Millions of bags are lost each year by airlines. What happens to them?

The Unclaimed Baggage Center is a nearly 50,000-square-foot store which has become a tourist attraction to millions of shoppers each year.
Published: Nov. 21, 2022 at 11:56 AM EST|Updated: Nov. 22, 2022 at 11:05 AM EST
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ATLANTA, Ga. (Atlanta News First) - Holiday travel season is here. But people may not be grateful if their luggage gets lost or mishandled on their way to Thanksgiving dinner.

Nearly 1.5 million bags were either lost, late, or damaged by major airlines in the first half of 2022, according to a recent U.S. Department of Transportation report. (1,406,474 bags mishandled for January - June 2022).

That’s more than double the number from the same time frame in 2021. (692,884 bags mishandled for January - June 2021).

When you’re at baggage claim, it’s not hard to find folks who have lost their luggage.

“I was flying back home and when I arrived, that’s when they lost my luggage,” Joe Johnson said.

“I did one time,” Scott Prinzing said. “It was rough.”

The majority of passengers – 99.5% – do get their bags back.

“It ended up taking four days to get our luggage back,” Prinzing added, while Johnson added his wait was three days.

But what about that other half-percent?

Close to one-and-half million bags were either lost, late or damaged by major airlines in the...
Close to one-and-half million bags were either lost, late or damaged by major airlines in the first half of 2022, according to a recent Department of Transportation report.(Rachel Polansky)

Those bags may end up in Scottsboro, Alabama, at the Unclaimed Baggage Center, a nearly 50,000-square-foot store that has become a tourist attraction to more than a million shoppers each year.

“They’re successful 99.5% of the time in reuniting you with your suitcase, but when millions of people travel every day, that fraction of one percent really adds up to a lot of unclaimed bags,” said Jennifer Kritner, the center’s vice president of retail.

Items at the store range from clothing and books to musical instruments and designer handbags.

Verla Dulin visits each year from Ohio on her drive down to Florida. She agreed to open an orphaned suitcase in what the company calls the “baggage experience.”

“This is exciting,” Dulin said, as she opened the suitcase and pulled out a wrinkled men’s business shirt. “This looks good. It’s in good shape,” she added.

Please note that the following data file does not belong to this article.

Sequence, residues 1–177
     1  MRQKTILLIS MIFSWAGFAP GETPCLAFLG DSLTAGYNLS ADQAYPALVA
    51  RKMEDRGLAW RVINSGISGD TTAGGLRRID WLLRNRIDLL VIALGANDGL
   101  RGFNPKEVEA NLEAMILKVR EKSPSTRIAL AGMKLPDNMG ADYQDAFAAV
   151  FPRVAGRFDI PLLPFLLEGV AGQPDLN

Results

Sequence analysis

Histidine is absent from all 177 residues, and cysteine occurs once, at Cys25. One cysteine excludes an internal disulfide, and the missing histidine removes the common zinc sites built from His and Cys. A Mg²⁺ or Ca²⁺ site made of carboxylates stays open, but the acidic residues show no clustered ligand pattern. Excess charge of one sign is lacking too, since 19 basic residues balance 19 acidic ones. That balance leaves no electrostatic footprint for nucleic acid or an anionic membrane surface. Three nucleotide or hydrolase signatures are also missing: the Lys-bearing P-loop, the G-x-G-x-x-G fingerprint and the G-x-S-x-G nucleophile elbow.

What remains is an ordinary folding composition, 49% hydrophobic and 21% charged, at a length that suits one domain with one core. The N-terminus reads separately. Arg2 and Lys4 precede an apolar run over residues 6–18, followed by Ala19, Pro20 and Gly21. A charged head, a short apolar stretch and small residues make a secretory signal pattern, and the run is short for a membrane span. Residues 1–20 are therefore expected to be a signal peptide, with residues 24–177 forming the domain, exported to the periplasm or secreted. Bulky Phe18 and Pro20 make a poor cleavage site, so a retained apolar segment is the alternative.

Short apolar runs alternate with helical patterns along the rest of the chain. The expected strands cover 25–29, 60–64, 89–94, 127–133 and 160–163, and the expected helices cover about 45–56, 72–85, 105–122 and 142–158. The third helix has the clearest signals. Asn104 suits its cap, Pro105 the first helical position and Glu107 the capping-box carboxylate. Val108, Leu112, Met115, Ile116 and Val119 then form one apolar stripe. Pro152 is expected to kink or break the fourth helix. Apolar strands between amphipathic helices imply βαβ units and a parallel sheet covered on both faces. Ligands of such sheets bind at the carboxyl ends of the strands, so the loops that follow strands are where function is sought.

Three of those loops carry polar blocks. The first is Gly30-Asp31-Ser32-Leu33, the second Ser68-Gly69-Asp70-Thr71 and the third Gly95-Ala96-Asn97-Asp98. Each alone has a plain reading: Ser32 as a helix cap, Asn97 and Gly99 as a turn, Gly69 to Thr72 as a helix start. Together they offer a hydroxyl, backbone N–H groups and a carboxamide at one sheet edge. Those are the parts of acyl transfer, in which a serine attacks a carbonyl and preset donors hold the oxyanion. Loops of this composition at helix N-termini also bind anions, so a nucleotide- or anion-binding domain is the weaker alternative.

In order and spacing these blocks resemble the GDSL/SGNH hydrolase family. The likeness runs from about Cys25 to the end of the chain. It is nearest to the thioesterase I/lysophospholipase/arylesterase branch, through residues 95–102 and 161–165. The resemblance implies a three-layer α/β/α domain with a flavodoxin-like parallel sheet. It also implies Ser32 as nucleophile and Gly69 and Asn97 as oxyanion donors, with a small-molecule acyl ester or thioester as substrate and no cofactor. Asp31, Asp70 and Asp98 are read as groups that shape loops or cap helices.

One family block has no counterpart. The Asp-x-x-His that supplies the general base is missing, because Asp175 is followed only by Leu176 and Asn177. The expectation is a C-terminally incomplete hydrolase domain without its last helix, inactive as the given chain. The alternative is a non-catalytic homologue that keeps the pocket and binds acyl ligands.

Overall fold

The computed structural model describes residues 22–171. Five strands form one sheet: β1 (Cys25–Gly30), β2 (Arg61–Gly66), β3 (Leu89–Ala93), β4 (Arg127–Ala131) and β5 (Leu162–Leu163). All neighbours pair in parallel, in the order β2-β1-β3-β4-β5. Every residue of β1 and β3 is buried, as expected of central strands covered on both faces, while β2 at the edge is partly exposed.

Verla did not find any emeralds or rubies – which reportedly has happened before – but she did walk away with what appeared to be a piece of African tribal art, which she found in the suitcase.

Verla Dulin, right, agreed to open an orphaned suitcase in something the company calls the...
Verla Dulin, right, agreed to open an orphaned suitcase in something the company calls the “baggage experience.” On the left is an Unclaimed Baggage Center employee.(Rachel Polansky)

How does a lost suitcase make its way to the Unclaimed Baggage Center? Airlines contracting with the store have 90 days to return the bag back to its rightful owner. If they don’t, the Unclaimed Baggage Center – which has contracts with all major airlines – comes into the picture.

“We have truck drivers that make the trip around the country to pick up unclaimed bags from airlines and we bring them back to our operations facility, where we sort and process these suitcases,” Kritner said.

Each item gets sorted into one of three categories: sell, donate or recycle.

Atlanta News First Investigates wanted to see that part of the process, but the Unclaimed Baggage Center wouldn’t allow access to its operations facility, citing “proprietary reasons.”

Just like that secret area behind the luggage belt at the airport, there are some things we’re just not allowed to see. But here’s what you can do to make sure your belongings don’t wind up in Scottsboro:

  • Make sure your name and contact information is on the inside and outside of your luggage.
  • Some folks even drop a business card in their suitcase.
  • You can also take photos of what you pack.

Better yet, just pack a carry-on.

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